Tuesday, June 30, 2015

Sweet and Sour

Sunday, June 28, John Jung and Flo Oy Wong spoke to our group about the advent of Chinese restaurants in America. John Jung is the author of five books, including Sweet and Sour: Life in Chinese Family Restaurants. Artist Flo Oy Wong grew up in Oakland working from the age of five in her family’s restaurant, “Great China.”  They have been presenting together, reminding people of how restaurants, eating habits, and attitudes have evolved.
John, who grew up in Georgia in the 50’s, said he didn’t know Chinese restaurants existed until his family moved to San Francisco when he was fifteen. He’d never seen cha siu bao or wantons. He had only eaten his mother’s cooking.  What were these establishments? When John researched the history of Chinese restaurants, he discovered that a century ago, they were a rare item.  In fact, for most Americans, eating out was a rare past-time. It wasn’t until after WWII that, newly prosperous, people ventured out of their homes to eat food.  The Chinese, however, had an earlier restaurant-going history.
Way back in 1882 the Chinese Exclusion Act ended up creating a bachelor society made up of men who lived in cramped quarters with no kitchens. Many of these men did not have a clue about cooking. This created an opportunity for those who did. They opened the first restaurants, serving meals to the workmen—not “orange chicken,” but home cooking. These entrepreneurs also opened tea houses—“the first Starbucks,” John quipped—offering tea and a safe, relaxed atmosphere for Chinese men to hang out.
To many Americans, these places were an anomaly.  According to the book “Chinese Cooking,” the average American approached the Chinese table with “fear and trepidation.”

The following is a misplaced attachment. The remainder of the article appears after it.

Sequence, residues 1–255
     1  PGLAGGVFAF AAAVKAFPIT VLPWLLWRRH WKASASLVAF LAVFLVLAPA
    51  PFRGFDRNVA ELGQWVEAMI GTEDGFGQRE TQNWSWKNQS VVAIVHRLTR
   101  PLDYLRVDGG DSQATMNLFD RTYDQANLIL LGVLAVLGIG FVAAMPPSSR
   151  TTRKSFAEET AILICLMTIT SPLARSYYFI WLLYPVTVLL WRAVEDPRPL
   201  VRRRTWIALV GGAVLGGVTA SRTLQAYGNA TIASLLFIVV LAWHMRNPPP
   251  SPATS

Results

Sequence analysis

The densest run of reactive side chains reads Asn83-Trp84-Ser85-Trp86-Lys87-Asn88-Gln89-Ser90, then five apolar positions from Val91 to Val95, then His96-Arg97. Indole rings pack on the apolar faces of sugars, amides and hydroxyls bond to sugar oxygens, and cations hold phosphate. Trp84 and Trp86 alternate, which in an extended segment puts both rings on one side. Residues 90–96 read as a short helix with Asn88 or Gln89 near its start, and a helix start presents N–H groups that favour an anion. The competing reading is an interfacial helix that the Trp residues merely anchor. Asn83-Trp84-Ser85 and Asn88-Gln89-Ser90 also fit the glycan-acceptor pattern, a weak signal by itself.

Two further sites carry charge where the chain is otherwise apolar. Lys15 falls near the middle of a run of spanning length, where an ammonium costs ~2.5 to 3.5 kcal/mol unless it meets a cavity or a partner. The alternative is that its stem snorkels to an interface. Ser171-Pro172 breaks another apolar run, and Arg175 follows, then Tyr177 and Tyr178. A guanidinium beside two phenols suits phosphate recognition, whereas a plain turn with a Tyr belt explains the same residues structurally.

This changed a bit in 1896 when Viceroy Li Hung Chang visited Philadelphia. This was a big deal, and people gathered in the streets to see this important visitor from China. He was asked what he had eaten in America. He responded that he had tried Chop Suey, a dish he seemed unfamiliar with, and that it was delicious. From then on everyone flocked to discover what this “chop suey” was. Guided tours to Chinatown chop suey restaurants came in vogue (because certainly going on one’s own was too scary.) In fact, for a while, you couldn’t find a restaurant without the name chop suey displayed prominently somewhere. In fact, in 1927, Mazola Corn oil gave out the recipe in the local papers, of course insisting that one needed to use the Mazola product for the right flavor.
Flo Oy Wong, who grew up as one of seven children, said that they all worked in the family restaurant Great China from 1943-1961. Without pay. They served ok Chinese food and good American food, making one wonder if the only thing that was Chinese about the restaurant was that it was owned and operated by a Chinese family.  Flo mentioned that it was fascinating to hear how many Chinese people had been involved in the restaurant business. Sure enough, our Vice President Winny Lin, and her husband Kenny, had opened a restaurant in Kentucky in the 70s.  This led to spirited memories.
John mentioned that in the latter half of the 20th century, as the result of Immigration Reform in 1965 and Nixon Ping-Pong Diplomacy in 1972, there was an influx of great cooks, and different styles of Chinese cooking. The result is that Chinese restaurants today are part of the mainstream.

Thursday, June 25, 2015

Fateful Ties, A Conversation with Author Gordon Chang

We are lucky enough to have Professor Chang join us on September 20th to discuss his new book, Fateful Ties. However,  for those who won't be able to make our September gathering, would rather see him sooner than later, or would like to see him twice, The Committee of 100 will be hosting the author and discussing the book on July 16th from 5:30-7:30 in San Francisco. For details, see Fateful Ties.

Tuesday, June 16, 2015

Latest Piece From Member Dr. George Koo

For further insight on the reasons the US needs to collaborate with China, read Dr. Koo's latest piece in the Asia Times.